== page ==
The atomic bomb was used extensively by both sides but our war was primarily against Communism and the Soviet rulers rather than the Russian people, and the unlimited atomic holocaust did not occur.

The Balkans once again were the tinderbox of war. The satellite-Soviet attacks upon Yugoslavia in the spring of 1952 were the preface to far greater battles.

Red Army hordes drove westward in their principal offensive across the north German plain, assisted by secondary drives from Czechoslovakia and the Balkans toward south Germany and the French frontier, Trieste, Italy, Greece and Turkey. Communist airborne and ground troops moved toward the Persian Gulf, and in northern Europe, Red Army troops, despite strong guerrilla opposition, took over Finland, and other enemy forces in combined land-sea operations moved into extreme northern and southern Norway.

In the Far East, our occupation forces in Korea were forced out of Pusan under a hail of bombs, and the puppet "Japanese People's Army"—composed of thoroughly indoctrinated Japanese prisoners who had been held since World War II—backed by Red forces, ferried La Perouse Strait and invaded Hokkaido, northernmost of the Japanese Islands. Soviet submarines quickly appeared off our coasts and magnetic, pressure and acoustic mines sank many tons of shipping and closed some of our Eastern ports—until emergency countermeasures, woefully inadequate at the war's beginning, could be hastily devised.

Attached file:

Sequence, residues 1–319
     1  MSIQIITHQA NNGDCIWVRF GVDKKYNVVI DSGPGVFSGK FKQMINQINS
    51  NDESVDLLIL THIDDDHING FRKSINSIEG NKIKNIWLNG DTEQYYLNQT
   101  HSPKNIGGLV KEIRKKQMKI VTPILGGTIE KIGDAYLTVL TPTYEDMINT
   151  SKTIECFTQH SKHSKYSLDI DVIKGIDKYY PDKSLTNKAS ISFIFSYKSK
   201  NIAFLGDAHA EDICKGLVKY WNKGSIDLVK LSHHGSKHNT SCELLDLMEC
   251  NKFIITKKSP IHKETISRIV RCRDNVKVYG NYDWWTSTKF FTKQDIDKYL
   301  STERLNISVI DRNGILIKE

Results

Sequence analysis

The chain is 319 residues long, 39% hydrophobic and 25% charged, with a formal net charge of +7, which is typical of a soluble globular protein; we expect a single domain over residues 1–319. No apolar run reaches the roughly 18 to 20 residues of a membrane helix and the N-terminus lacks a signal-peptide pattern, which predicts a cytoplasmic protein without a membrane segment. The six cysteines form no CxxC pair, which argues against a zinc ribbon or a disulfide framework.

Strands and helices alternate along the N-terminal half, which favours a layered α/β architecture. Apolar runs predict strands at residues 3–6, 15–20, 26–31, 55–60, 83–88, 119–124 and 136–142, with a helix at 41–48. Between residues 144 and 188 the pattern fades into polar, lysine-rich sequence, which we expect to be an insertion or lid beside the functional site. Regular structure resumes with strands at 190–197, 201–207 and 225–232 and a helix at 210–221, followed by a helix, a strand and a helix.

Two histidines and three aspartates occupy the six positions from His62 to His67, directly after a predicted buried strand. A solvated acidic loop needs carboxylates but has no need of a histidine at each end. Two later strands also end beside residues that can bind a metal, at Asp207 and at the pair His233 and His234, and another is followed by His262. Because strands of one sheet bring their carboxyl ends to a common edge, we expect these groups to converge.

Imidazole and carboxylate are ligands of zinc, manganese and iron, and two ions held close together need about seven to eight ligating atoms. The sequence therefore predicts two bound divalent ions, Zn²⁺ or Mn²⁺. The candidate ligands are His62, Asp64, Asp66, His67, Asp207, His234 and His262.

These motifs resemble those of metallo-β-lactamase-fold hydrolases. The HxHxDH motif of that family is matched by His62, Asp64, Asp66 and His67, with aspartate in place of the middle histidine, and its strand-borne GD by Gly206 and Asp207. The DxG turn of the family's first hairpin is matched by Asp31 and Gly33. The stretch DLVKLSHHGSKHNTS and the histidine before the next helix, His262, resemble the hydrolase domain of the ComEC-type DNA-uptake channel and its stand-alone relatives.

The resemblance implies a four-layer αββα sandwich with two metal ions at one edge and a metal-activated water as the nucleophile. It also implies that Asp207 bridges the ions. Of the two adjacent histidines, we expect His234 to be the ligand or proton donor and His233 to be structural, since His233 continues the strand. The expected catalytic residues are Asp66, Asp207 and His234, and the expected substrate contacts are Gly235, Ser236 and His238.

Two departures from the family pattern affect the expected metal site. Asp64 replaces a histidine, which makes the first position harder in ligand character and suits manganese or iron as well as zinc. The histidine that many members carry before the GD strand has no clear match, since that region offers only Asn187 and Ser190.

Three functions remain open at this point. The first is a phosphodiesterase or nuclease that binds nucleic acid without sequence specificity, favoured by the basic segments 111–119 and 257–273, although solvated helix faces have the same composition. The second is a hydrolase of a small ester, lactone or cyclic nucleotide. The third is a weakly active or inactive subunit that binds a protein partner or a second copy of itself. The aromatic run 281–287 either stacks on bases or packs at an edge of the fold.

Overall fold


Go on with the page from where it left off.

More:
The first year of war was a tragic period of defeat and retreat. Yet the fledgling "NATO" (North Atlantic Treaty Organization) forces did better than anticipated in stemming the tide of aggression; in the Far East, the "Junipers" (Japanese National Police Reserve, established by General MacArthur in 1950), quickly provided the framework for a strong Japanese army.

The U.S.S.R. suffered heavily under attack by A-bombs and conventional bombs, and some of her A-bomb works, many of the bases for her long-range air forces, and transportation and oil targets were destroyed or badly damaged. Yet the enemy was able to A-bomb London and other Allied targets, and atomic bombs dropped on our atomic energy plant at Hanford, Washington, and on Chicago, Philadelphia, Detroit, New York and Washington, D.C.